Wednesday, December 28, 2011

Regulation Stifles Technology Innovation

This oped in the Washington Times is centered on a different technology issue, but it applies quite nicely to the issue of regulation of electronic cigarettes, IMHO.

SWINDLE: Technological innovation is its own antitrust policy - Washington Times

Government regulation can stifle innovation and improvements when it is applied to rapidly-moving technologies.

I am afraid that many portions of the FSPTCA are inappropriate for regulation of a high-tech product such as e-cigarettes. Read the bill: Read The Bill: H.R. 1256 [111th] -

For example, the FDA could apply item j of Section 905 to justify banning all e-cigarettes that were not being sold prior to Feb. 15, 2007.

We have seen many product improvements during the past four years. Even if the FDA were to be generous enough to grandfather in all devices being sold on the day that their regulation of e-cigarettes goes into effect, it would still bring innovation and product improvements to a screeching halt.

The first model that I used back in late 2008 produced very little vapor. I couldn't tell whether my cartridge was empty or not. Cartridges that held less than 0.5 mL of liquid cost $2 a piece. The batteries went dead within hours, so I needed to carry charged-up spares. The "high" level of nicotine topped out at 18 mg, (1.8%) leaving me still wanting to smoke a tobacco cigarette.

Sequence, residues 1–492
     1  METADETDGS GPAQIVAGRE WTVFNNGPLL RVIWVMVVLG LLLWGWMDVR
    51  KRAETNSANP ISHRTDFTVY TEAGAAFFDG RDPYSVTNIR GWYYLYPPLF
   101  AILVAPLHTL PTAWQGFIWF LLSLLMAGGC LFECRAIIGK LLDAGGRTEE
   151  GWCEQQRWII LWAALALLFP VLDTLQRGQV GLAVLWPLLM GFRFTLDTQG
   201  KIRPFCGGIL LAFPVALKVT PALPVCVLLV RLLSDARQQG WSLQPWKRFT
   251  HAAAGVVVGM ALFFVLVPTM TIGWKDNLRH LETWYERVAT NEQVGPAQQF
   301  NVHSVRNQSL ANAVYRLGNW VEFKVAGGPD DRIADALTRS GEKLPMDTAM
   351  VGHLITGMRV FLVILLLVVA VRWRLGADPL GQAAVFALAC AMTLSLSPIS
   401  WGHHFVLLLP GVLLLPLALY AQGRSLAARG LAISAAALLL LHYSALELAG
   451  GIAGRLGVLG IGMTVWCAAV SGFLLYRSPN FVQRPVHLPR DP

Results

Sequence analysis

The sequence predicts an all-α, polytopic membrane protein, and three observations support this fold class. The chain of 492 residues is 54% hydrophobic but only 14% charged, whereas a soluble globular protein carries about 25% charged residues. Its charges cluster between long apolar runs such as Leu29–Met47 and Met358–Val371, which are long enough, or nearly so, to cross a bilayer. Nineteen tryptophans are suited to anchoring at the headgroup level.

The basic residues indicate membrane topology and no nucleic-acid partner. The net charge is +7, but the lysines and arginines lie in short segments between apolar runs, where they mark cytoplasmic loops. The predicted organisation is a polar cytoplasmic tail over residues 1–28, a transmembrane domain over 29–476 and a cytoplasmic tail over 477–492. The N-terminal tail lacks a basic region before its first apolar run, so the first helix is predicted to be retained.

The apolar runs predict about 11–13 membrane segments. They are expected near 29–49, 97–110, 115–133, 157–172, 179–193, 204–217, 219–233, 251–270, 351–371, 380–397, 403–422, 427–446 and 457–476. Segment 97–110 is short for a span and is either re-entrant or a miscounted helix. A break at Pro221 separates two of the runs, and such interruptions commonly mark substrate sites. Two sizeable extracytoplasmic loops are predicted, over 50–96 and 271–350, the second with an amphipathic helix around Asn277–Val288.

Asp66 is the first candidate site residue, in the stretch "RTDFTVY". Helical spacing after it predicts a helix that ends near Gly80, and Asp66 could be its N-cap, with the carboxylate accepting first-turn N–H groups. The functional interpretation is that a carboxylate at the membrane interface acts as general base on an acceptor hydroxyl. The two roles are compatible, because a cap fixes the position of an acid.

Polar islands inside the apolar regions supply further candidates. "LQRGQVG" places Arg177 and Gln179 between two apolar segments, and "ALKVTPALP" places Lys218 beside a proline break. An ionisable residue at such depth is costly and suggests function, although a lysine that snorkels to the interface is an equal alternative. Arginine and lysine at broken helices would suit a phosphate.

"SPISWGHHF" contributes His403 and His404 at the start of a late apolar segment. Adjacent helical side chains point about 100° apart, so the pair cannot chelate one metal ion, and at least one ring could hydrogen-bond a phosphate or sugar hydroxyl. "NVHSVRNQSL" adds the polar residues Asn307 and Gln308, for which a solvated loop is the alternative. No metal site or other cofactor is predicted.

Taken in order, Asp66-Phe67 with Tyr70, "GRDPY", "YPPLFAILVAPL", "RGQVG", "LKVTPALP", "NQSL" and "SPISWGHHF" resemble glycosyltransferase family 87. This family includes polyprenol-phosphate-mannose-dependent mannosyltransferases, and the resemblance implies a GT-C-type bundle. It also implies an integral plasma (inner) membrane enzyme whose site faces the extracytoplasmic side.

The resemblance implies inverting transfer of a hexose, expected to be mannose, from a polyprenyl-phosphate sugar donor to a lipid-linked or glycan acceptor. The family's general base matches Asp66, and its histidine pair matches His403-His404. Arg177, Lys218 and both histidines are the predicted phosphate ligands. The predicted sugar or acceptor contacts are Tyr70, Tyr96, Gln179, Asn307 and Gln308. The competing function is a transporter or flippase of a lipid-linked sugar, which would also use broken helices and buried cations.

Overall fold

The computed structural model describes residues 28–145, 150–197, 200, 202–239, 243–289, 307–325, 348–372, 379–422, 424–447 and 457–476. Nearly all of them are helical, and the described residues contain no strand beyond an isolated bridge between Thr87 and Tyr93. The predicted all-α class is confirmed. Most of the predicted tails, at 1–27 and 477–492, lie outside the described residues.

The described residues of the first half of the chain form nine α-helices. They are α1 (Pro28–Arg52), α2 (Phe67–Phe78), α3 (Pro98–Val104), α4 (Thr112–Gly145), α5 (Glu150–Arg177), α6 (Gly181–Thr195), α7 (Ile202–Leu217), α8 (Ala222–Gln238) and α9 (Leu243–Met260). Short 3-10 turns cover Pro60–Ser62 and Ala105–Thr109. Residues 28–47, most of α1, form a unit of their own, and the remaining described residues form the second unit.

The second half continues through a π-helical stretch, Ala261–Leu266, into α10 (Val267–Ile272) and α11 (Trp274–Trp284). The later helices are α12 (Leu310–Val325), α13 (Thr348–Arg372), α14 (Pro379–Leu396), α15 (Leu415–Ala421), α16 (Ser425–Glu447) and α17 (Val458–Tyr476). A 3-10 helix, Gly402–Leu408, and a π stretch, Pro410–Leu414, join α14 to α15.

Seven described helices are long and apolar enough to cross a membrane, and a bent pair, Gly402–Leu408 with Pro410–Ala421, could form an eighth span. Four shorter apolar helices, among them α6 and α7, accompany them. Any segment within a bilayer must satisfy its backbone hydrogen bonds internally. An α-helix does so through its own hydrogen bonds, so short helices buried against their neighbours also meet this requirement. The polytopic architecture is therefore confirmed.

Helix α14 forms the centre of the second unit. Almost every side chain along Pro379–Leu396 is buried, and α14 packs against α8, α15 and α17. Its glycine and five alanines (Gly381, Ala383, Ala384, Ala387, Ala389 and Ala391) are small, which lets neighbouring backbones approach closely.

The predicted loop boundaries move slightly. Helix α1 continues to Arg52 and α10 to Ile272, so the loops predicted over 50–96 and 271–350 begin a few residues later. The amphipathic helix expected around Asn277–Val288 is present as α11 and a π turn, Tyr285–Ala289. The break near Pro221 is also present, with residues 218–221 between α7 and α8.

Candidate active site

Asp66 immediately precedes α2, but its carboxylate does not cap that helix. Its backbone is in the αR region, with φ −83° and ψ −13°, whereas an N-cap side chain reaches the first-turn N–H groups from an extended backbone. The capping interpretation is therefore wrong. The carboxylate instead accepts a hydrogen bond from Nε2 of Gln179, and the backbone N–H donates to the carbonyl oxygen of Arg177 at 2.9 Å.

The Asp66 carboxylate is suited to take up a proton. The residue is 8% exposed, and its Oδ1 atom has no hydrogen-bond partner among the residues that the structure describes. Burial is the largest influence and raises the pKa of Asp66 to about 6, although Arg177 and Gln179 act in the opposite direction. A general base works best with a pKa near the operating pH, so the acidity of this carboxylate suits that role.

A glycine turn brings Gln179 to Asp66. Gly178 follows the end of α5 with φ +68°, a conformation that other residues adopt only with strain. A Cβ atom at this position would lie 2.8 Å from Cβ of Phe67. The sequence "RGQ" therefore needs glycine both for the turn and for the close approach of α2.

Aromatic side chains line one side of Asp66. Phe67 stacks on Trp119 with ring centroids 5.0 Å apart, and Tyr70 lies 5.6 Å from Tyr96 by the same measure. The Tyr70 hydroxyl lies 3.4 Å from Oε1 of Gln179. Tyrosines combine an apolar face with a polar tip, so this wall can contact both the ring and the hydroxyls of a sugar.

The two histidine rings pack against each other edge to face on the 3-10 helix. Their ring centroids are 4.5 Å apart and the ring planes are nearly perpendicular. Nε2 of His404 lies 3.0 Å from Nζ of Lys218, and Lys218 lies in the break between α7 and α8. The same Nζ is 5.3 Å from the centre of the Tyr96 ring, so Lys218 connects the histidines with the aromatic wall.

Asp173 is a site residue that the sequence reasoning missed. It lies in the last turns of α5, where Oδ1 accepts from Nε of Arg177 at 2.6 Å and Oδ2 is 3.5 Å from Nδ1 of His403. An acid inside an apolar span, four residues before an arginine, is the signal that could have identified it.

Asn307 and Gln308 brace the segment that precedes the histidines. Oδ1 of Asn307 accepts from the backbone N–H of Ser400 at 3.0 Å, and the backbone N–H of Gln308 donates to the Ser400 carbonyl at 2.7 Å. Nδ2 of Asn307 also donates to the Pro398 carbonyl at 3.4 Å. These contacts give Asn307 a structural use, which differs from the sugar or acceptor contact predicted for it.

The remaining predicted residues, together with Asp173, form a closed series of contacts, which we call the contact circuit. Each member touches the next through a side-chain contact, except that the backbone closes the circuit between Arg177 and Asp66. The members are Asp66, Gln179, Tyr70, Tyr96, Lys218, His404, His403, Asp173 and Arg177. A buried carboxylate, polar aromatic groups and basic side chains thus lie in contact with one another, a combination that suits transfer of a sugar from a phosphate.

It was models like these that Prof. Tom Eissengberg of VCU employed with novice users and found that blood levels of nicotine didn't go up very much. When he tested experienced consumers using their own devices and choice of nicotine strength, he measured nicotine blood levels close to that seen in tobacco cigarette smokers.

While it is true that even no-nic e-cigs can be effective for some smokers, there is a certain portion of the smoking population that is dependent on the beneficial effects of nicotine. These folks, like me, will not be able to stop smoking unless we can supply them with adequate replacement levels of nicotine.

It would be a crying shame if the government takes a product line that might be made effective for up to 80% of smokers and regulates it down to being effective for 10 or 20% of smokers. That's a lot better than the effectiveness of most government-approved smoking-cessation products; but it still represents millions and millions of cases of COPD, other lung diseases, various cancers, heart attacks, and strokes that might have been prevented. That's buying a lot of misery for the sake of an unwarranted level of caution.


  1. You make some valid points, but what is your solution, just leave them unregulated? A lot of people have a problem with the current status of e-cigarettes

  2. No. Currently the FDA is getting input from organizations that want to ban the products, and from the larger vendors whose business model is to sell tobacco-flavored pre-filled cartridges and models that look as much like cigarettes as possible. Would it be too much to ask for FDA to meet with representatives of consumers to find out what's worked and not worked to make these an acceptable alternative to smoking? FDA scientific advisory groups are supposed to have a seat designated for a representative of consumers. On the Tobacco Products Scientific Advisory Committee (TPSAC) that seat is called Representative of the Public, and they gave the seat to a tobacco control proponent whose idea of smoking cessation is that nicotine abstinence is required. I was told that consumers need to wait until 2014, when that seat is open before they can be considered to serve on TPSAC.

  3. Some regulation is probably warranted for most if not all industries, however, I think the trouble comes when government over regulates.